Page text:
Members of the Labour Network for People’s Rights rallied outside Government House on Tuesday demanding that the government pay Bt5,000 to each member of the country’s workforce for three months.
On January 19, the Cabinet approved the “RaoChana” (WeWin) cash-handout campaign, in which Bt3,500 will be handed for two months to the self-employed, farmers and welfare-card holders. Those eligible can register from Thursday onwards and the cash can be withdrawn via a smartphone application.
The protesters said the money was too little and giving access to the assistance via a smartphone app would leave many out of the loop. They also rejected the plan of transferring Bt1,000 per week, saying some people needed more cash to survive.
Bangkok’s elevated MRT Yellow Line monorail extension has passed its environmental impact assessment (EIA), paving the way for negotiations to resolve a problem in the joint venture project.
Transport Minister Saksayam Chidchob said the environment board on Monday passed the EIA for the two-station extension, linking Lat Phrao with Ratchayothin Skytrain station on the Sukhumvit (Green) Line.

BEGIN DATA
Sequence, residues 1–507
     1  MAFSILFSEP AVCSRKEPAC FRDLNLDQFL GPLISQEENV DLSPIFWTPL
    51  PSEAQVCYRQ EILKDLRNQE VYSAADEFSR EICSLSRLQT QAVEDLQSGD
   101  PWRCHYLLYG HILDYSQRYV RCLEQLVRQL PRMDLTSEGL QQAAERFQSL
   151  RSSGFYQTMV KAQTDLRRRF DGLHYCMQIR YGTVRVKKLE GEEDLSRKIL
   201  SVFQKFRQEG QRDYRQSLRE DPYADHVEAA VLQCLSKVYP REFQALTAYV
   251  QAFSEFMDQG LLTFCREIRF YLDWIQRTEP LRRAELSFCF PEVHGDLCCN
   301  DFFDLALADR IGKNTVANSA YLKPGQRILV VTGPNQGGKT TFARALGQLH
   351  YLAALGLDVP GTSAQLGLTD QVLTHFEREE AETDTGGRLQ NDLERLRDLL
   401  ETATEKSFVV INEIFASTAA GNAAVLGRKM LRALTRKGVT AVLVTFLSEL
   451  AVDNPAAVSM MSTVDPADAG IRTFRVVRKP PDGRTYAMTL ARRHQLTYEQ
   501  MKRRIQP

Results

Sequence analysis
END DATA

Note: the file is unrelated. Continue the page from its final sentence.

The project is owned by the Mass Rapid Transit Authority of Thailand (MRTA), which is currently negotiating to amend its joint venture agreement with concessionaire Eastern Bangkok Monorail (EBM).
However, MRTA is still negotiating with EBM over compensation for Bangkok Expressway and Metro Plc (BEM), which says the extension will impact revenue from its MRT Blue Line.
Meanwhile BTS has confirmed it will fully invest in the Yellow Line extension, with construction and expropriation costs estimated at Bt3 billion-Bt4 billion. But BTS has rejected calls that it should compensate BEM, insisting the MRTA must first negotiate an agreement.